Have you just picked up yourself a new sewing machine and need to understand how it all comes together? So how does a sewing machine work?
The good news is that almost all sewing machines work in the same way and have done since 1834! So once you understand how one works, you’ll be an expert with every sewing machine!
Very simply, there are two ways to use a sewing machine. The first way is very straight forward, plug it in and make sure there is power to it. Choose your stitch and pattern and you’re good to go. The second way is to use a manual sewing machine. You can use the handwheel or treadle and this will work the needle.
But what else goes into making a sewing machine work? How do the bobbins work? If you’re looking for answers to these questions (and more!), then look no further! We have created an in-depth step by step guide of how sewing machines work below!
Sewing machines were created to make life easier and more efficient, especially when it comes to sewing. They were so good at this, they’ve stuck around with the same technique ever since!
The best way to keep your life seamless (pun most certainly intended) and easier is to learn how a sewing machine works.
The below step by step is for an electric sewing machine. Manual sewing machines operate in the same manner but they don’t have so many parts so the principle is almost exactly the same!
Fun Fact! Sewing goes a seriously long way back. In fact, it was one of the first skills that Homo Sapiens developed.
Archaeologists have found evidence to suggest that people used to sew different types of fur, skin and other materials together as a way to make clothing. This goes as far back as 25,000 years!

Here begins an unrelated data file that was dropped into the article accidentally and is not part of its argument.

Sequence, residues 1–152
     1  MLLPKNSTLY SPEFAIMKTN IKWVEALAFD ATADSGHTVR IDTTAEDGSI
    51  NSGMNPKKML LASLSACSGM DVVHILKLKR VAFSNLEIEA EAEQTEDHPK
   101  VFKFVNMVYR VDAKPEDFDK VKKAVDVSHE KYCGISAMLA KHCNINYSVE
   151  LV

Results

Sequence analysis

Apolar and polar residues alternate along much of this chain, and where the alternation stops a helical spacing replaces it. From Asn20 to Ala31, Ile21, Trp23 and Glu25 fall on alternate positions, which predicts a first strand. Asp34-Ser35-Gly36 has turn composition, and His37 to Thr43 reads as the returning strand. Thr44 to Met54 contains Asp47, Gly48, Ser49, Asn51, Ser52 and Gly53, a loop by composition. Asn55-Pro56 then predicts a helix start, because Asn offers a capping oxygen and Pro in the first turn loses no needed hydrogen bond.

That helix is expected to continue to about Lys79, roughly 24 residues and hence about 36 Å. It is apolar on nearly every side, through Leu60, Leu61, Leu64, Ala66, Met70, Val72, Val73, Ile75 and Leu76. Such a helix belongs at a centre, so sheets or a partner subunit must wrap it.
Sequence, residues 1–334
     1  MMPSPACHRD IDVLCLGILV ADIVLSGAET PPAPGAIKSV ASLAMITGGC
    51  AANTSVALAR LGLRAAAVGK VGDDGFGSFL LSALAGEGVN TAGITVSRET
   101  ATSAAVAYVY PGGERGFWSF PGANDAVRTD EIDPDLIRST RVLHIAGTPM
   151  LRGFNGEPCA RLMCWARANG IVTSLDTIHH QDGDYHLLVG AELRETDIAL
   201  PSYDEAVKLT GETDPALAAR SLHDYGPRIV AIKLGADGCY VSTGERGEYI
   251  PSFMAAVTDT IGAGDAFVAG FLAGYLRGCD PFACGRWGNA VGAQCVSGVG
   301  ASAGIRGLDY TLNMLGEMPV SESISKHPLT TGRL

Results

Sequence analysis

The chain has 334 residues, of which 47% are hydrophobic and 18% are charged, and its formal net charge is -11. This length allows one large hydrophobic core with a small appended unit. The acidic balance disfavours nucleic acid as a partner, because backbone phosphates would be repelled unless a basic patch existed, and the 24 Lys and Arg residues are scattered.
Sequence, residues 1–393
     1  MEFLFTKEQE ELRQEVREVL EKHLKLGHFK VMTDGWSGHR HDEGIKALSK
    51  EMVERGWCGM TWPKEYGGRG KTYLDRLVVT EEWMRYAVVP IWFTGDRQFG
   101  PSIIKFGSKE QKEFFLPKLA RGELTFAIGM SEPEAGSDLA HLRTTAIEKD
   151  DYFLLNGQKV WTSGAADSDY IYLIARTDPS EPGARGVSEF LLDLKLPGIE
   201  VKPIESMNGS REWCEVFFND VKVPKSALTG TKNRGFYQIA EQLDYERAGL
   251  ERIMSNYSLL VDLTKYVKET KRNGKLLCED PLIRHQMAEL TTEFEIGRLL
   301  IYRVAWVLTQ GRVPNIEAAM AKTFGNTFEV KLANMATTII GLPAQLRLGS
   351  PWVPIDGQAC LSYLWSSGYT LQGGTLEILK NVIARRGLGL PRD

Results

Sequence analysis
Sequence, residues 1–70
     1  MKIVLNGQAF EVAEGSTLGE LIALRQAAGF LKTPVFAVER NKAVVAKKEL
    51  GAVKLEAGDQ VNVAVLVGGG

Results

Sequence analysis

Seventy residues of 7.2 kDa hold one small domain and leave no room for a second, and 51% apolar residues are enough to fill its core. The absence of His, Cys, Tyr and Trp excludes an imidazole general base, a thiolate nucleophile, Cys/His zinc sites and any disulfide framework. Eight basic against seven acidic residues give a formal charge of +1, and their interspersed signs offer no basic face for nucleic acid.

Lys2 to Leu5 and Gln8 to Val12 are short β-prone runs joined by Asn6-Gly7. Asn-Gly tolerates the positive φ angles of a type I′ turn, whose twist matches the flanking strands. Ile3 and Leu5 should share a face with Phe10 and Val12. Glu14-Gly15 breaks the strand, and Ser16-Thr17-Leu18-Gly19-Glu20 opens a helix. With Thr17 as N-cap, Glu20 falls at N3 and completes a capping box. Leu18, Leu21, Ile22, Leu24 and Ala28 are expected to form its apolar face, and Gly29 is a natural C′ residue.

Before you dive straight into sewing machine itself, you will want to make sure that it’s on a sturdy and secure surface. The best thing you can do for yourself is to ensure that you can be comfortable too, plenty of legroom.
You will want to have your machine all set up and ready to go so first things first, switch the power on.
If you’re having trouble locating the switch, it’s often on the right-hand side of the machine.
Now take your spool of thread and put it on the spool pin. Then you can take your thread and take it through the thread guide. This will be on the top of the machine and won’t be too far from the spool pin.
If you look to the right of the where the spool pin is, you will see the bobbin winder and the stopper. You will need to ensure that your bobbin is in place and that the thread is attached to it.
Now comes the exciting bit - for some! If your sewing machine has a stitch adjustment dial, you can select the type of stitch you’d like to use.
On the left side of the machine, you should see a thread take-up lever. See it? Run your thread through it.
Once you have done that you can adjust the tension for the thread. It’s important to have the correct tension for your sewing machine to work properly.
Finally, check your underneath bobbin to ensure that you have the thread for your choice of stitch.
A bobbin will give you the thread underneath when you are sewing. That is the very simplified explanation of what a bobbin is - to be fair, that’s pretty much the full explanation too, they’re fairly simple things, bobbins!
The colour of the bobbin thread doesn’t have to be the same as what is on your spool. You can change it up for different effects or if the thread isn’t something that will be visible.
A bobbin is usually a standard size of about 1inch in diameter. Construction material-wise, there isn’t anything particularly standard about them but they are commonly made from stainless steel or other metals, sometimes plastics.
You can get ready to use bobbins and these have a thread that is wrapped around the spool already.
Before using your sewing machine, you will need to make sure the bobbin is in the winder after you have threaded a little bit of thread through the top of the bobbin.
A good tip is to wrap the thread around the bobbin before you have started sewing. If your sewing machine has an underneath bobbin holder, then you can pop your bobbin in there and just pull some thread out.
Sewing can now commence!
Did you know? Sewing needles used to be made using bone or ivory. Before sewing machines were commonplace, a lot of sewing was done by hand.